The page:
Total inaugurates MTO pilot plant at Feluy, Belgium

01 October 2008 12:19  [Source: ICIS news]

LONDON (ICIS news)--Total has inaugurated a new demonstration plant at Feluy in Belgium intended to produce olefins and polyolefins from methanol , the French oil major and chemicals producer said on Wednesday.

Total said the pilot plant was designed to assess, on a quasi-industrial scale, the technical feasibility and cost-effectiveness of two integrated processes that produce olefins and subsequently polyolefins from methanol, which can be obtained from natural gas, coal or biomass.

The UOP/Hydro methanol-to-olefins (MTO) process converts methanol into light olefins such as ethylene (C2) and propylene (C3), and heavier olefins, said Total.

The heavy olefins are in turn converted into C3 via the UOP/Total Petrochemicals olefin cracking process (OCP).

All of these olefins are then converted into polyolefins at the existing pilot polymerisation unit at Total’s Feluy research centre, the company added

The €45m ($64m) investment was aimed at diversifying the company’s sources of petrochemicals feedstock by reducing its dependence on oil as well as increasing the company’s C3 yield at a time of strong demand for polypropylene (PP), Total said.

“Given that energy demand will continue to grow, petroleum supply will be tight and the prices should stay at a high level, we firmly believe that the MTO process will play a vital role in the production of petrochemical products in the future,” said Total Chemicals president Francois Cornelis.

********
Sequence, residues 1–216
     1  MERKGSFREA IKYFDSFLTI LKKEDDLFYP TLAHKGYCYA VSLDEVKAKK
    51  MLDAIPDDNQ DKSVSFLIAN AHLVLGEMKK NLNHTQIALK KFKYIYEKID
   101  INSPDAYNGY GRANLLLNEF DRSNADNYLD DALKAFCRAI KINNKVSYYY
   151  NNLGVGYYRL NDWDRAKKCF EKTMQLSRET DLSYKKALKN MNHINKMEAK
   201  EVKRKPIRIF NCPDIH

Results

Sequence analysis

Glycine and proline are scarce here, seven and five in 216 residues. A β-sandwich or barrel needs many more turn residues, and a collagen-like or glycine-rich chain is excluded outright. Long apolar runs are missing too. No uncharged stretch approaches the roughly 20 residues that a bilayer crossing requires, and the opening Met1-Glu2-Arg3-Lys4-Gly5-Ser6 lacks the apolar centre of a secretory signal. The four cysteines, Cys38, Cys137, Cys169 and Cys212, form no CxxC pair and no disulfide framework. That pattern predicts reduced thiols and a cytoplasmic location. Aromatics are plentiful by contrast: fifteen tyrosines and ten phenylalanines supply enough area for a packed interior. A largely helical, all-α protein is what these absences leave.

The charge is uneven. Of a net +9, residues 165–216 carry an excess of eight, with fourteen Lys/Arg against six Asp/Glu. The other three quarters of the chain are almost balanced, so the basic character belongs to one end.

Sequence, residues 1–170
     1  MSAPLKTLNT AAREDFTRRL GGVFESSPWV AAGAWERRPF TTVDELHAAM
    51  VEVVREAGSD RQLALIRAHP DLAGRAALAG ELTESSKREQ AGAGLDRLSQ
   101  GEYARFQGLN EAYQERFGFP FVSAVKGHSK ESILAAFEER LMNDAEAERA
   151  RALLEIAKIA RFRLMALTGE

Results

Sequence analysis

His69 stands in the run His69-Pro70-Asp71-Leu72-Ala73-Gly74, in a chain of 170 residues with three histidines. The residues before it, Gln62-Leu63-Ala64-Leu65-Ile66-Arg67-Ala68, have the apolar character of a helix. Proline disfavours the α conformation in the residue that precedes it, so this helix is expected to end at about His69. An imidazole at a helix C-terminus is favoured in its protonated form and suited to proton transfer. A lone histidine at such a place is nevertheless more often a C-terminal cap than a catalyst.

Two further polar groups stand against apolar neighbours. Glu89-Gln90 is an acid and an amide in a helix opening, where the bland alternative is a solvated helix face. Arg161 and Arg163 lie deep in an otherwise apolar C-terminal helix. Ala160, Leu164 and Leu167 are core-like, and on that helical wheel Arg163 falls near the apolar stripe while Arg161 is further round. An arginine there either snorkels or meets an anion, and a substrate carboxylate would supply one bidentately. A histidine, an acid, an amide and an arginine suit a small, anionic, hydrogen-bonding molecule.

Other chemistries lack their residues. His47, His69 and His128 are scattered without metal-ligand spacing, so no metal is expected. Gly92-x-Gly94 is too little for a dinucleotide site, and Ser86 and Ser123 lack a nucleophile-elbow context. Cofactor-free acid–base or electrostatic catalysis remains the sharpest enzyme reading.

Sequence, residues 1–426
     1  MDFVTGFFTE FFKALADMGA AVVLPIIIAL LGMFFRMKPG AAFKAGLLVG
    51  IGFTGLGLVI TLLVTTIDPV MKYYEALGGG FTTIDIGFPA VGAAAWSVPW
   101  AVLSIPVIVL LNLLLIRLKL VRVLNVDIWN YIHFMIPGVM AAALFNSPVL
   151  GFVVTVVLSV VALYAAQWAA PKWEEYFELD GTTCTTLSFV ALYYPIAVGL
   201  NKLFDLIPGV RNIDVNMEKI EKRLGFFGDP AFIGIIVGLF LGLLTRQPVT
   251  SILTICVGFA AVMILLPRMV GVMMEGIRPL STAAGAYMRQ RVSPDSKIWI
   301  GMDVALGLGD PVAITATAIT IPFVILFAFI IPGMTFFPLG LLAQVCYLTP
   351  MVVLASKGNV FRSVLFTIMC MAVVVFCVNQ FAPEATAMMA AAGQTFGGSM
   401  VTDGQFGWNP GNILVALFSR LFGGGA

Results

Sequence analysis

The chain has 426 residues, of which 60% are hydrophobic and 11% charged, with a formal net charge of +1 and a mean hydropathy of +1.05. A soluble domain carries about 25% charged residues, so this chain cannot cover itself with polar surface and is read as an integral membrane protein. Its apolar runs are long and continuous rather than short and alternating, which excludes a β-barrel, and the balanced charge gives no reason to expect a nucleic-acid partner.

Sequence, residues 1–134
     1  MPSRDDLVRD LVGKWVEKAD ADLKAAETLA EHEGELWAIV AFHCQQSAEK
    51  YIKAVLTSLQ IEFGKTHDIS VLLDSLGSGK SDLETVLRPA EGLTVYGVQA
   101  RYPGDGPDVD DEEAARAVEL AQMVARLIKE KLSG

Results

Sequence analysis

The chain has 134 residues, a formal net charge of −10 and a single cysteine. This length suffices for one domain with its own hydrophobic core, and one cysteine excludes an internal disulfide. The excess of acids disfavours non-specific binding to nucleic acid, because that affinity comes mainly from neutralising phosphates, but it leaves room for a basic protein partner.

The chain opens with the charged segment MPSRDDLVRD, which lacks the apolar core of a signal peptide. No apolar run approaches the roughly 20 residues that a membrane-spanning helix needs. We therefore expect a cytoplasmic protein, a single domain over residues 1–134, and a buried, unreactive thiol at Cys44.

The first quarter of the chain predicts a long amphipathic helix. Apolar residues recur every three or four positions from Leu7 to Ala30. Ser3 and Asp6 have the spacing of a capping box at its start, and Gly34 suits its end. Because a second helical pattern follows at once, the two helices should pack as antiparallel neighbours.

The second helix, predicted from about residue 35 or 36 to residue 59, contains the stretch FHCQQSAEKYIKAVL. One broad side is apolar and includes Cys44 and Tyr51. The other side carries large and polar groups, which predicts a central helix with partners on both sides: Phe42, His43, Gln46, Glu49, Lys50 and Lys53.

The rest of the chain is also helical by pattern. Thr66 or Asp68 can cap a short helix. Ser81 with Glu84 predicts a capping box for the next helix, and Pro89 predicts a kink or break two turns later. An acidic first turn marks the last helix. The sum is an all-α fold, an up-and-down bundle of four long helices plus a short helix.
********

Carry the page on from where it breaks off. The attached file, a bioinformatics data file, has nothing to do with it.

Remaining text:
“Integrating the MTO and olefin cracking processes makes it possible to produce light olefins at a very reasonable cost,” he added.

($1 = €0.71)

To discuss issues facing the chemical industry go to ICIS connect


By: Hilde Ovrebekk
+44 20 8652 3214



AddThis Social Bookmark Button

For the latest chemical news, data and analysis that directly impacts your business sign up for a free trial to ICIS news - the breaking online news service for the global chemical industry.

Get the facts and analysis behind the headlines from our market leading weekly magazine: sign up to a free trial to ICIS Chemical Business.

Printer Friendly